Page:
In other words, if Mikati repudiates the STL, the Obama administration would refuse to accept the Mikati government, and put it in the same category as the elected Hamas government—a state terrorist organisation.
Israel made clear that it would not tolerate the new government. Silvan Shalom, Israel’s vice prime minister, said that that it was, in effect, “an Iranian government on Israel’s northern border.”
Giora Eiland, a retired Israeli Army general and a former national security adviser, now a senior research fellow at the Institute for National Security Studies at Tel Aviv University, has argued that if Israel is to win the next war, it must attack not only Hezbollah, but also the public infrastructure of the State of Lebanon. He said, “If Hezbollah is behind the government, it will be much easier to explain to the international community why we must fight against the State of Lebanon”.
In 2006, Israel launched a murderous war on Hezbollah and Lebanon, killing more than 1,200 people and destroying tens of thousands of homes and much of Lebanon’s infrastructure. Last August, a military clash killing four Lebanese and one Israeli followed a refusal by an Israeli border guard to stop cutting a tree obstructing Israel’s view. But for pressure from the US and France, Israel would have launched a massive assault then. According to an article in the Wall Street Journal last August, Israeli military leaders were urging and ready “to implement contingency plans to bomb Lebanese army camps, Hezbollah strongholds and Beirut’s power stations”.
Such plans are in place, as the publication of US cables by WikiLeaks confirms. According to the Norwegian newspaper Aftenposten, which summarised cables detailing a military briefing by Israeli Chief of Staff General Gabi Ashkenazi to a US congressional delegation, the Israeli military has been pressing ahead at full speed with preparations for a new war in the Middle East, including Lebanon and Gaza.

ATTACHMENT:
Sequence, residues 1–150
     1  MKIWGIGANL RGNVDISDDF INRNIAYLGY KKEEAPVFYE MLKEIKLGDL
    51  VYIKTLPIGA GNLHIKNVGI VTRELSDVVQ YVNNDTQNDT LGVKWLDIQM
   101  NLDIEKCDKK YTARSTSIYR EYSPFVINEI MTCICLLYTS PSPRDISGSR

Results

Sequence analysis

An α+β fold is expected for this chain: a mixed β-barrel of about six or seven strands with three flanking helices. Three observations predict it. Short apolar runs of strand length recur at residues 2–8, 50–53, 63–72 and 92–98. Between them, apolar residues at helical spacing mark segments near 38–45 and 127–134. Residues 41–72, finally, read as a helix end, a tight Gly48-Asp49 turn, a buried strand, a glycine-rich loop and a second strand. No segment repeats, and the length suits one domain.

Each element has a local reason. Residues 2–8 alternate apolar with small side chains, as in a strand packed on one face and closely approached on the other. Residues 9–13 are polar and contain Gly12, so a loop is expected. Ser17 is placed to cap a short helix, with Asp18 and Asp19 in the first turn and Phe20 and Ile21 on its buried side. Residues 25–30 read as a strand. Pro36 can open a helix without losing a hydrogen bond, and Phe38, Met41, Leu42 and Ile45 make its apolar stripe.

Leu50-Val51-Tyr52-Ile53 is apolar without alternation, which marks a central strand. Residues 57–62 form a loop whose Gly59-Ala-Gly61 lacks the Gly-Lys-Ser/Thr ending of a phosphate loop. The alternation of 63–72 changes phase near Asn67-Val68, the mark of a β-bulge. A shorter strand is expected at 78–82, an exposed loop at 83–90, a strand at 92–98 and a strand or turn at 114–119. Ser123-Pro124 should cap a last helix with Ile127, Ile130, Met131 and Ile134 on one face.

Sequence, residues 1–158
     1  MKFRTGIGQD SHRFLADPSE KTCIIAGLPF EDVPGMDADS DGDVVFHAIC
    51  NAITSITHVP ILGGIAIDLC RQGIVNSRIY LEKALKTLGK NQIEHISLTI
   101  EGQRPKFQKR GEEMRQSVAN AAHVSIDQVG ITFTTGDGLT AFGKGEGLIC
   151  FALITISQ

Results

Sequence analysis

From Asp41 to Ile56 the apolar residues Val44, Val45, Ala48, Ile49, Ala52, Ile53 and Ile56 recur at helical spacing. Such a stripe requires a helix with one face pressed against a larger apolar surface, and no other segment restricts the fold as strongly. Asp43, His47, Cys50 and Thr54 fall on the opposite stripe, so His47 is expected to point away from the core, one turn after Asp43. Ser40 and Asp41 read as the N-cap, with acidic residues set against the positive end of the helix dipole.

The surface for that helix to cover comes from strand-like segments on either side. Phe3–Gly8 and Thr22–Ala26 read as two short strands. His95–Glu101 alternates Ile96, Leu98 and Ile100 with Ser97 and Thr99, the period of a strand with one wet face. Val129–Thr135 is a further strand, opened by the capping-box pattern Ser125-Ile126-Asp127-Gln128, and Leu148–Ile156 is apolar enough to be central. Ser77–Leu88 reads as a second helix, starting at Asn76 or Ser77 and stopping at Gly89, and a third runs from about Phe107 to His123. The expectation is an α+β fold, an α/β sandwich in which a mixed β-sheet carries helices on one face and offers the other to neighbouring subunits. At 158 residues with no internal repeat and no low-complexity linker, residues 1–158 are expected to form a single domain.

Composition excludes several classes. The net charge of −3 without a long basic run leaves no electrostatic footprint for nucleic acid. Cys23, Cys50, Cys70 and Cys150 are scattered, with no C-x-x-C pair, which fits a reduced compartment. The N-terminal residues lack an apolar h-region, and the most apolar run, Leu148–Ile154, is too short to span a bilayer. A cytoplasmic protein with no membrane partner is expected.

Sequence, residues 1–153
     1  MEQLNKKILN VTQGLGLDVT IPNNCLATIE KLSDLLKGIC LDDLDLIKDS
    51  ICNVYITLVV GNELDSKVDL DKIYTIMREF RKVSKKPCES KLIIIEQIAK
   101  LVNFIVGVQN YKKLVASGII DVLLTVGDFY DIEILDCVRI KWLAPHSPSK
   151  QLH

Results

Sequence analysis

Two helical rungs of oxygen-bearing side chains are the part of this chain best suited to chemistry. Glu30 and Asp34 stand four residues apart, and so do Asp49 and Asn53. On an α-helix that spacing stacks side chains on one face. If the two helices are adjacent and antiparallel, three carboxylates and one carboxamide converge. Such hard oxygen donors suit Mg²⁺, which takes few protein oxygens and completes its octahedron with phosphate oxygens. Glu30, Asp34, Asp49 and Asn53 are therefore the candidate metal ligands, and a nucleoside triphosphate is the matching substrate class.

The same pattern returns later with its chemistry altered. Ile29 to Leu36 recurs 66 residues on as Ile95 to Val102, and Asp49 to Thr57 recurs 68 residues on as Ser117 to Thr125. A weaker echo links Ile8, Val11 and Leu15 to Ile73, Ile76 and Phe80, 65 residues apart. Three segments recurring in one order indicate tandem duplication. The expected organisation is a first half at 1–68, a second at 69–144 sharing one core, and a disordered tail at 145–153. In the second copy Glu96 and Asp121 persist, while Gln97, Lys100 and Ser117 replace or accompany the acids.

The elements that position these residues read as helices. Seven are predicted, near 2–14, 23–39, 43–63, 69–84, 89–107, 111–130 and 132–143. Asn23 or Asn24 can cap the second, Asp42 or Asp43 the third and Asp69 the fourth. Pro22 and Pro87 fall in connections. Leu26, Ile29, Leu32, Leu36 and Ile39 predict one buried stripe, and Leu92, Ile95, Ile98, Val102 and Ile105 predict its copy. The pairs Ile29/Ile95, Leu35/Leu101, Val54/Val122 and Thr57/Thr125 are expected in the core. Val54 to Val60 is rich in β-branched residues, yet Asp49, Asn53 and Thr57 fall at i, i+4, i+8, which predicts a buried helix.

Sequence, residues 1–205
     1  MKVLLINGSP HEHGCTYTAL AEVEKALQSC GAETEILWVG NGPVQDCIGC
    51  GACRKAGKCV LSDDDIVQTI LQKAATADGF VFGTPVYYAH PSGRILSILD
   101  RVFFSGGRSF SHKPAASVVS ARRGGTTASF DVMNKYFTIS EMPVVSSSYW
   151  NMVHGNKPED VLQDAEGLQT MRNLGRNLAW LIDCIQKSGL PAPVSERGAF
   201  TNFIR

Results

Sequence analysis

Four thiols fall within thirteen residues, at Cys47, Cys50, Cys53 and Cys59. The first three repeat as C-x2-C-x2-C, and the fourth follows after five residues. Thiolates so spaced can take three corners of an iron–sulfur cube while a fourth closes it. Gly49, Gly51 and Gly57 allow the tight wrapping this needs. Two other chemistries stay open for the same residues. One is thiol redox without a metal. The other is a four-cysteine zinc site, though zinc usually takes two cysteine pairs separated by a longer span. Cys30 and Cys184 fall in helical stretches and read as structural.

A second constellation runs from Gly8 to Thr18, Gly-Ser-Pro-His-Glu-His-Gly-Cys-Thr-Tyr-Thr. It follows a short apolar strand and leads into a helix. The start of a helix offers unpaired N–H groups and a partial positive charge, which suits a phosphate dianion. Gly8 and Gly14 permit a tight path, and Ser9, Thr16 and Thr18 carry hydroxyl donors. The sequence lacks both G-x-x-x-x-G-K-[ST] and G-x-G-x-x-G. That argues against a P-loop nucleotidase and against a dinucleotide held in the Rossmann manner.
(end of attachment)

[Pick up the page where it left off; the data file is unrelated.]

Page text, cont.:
Aftenposten said that the cables quote Ashkenazi as saying, “I am preparing the Israeli army for a major war, since it is easier to scale down to a smaller operation than to do the opposite”.
He told the delegation that Israel’s unmanned drones had identified Hezbollah’s rocket emplacements in southern Lebanon, with additional help from the US National Security Agency, which spies on communications. Ashkenazi threatened, “In the next war, Israel cannot accept any restrictions on warfare in urban areas.”
Israel has recently launched a number of provocative sorties against Gaza, killing several militants, despite the fact that there have been almost no rockets fired from Gaza since the 2008-2009 war.